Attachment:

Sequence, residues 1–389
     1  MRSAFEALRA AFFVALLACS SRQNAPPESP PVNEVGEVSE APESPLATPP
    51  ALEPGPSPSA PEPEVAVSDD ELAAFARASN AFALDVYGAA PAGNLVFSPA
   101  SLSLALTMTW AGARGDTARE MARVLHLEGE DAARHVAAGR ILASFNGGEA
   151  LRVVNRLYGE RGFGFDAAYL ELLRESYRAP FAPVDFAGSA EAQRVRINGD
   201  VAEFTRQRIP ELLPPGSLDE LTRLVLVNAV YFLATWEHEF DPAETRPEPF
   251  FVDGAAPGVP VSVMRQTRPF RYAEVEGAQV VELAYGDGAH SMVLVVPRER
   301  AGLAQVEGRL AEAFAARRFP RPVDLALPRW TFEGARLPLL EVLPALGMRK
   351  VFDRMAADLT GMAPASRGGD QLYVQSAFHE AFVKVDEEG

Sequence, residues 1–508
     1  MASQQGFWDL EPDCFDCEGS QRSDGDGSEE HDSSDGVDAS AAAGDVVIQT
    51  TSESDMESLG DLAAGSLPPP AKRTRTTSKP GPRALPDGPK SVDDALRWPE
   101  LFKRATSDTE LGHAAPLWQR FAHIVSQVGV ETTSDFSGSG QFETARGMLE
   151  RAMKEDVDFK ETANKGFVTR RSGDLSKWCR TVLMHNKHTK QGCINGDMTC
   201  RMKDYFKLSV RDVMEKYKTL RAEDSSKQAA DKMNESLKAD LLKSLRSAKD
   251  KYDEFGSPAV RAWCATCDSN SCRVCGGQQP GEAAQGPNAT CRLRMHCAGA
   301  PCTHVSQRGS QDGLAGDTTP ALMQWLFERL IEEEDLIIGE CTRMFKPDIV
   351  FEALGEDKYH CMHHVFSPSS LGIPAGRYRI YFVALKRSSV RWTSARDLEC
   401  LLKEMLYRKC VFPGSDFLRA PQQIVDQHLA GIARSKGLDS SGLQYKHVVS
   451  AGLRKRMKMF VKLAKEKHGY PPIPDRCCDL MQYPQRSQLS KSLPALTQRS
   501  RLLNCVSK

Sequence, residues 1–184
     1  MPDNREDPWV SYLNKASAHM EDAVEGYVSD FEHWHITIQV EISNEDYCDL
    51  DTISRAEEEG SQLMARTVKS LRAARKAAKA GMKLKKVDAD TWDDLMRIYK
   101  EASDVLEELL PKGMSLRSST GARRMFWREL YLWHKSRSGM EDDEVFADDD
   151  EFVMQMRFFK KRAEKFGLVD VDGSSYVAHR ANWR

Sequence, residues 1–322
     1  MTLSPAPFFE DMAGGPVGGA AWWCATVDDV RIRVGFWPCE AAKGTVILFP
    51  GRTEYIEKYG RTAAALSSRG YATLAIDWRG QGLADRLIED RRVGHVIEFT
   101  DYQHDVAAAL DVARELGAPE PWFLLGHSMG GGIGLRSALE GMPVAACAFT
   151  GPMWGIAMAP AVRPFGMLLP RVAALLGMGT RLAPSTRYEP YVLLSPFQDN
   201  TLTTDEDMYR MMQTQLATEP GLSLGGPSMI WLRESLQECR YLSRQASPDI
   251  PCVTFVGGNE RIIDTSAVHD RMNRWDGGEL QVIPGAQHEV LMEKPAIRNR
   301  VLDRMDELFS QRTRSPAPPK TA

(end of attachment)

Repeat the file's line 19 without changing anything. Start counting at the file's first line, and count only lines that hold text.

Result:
   401  LLKEMLYRKC VFPGSDFLRA PQQIVDQHLA GIARSKGLDS SGLQYKHVVS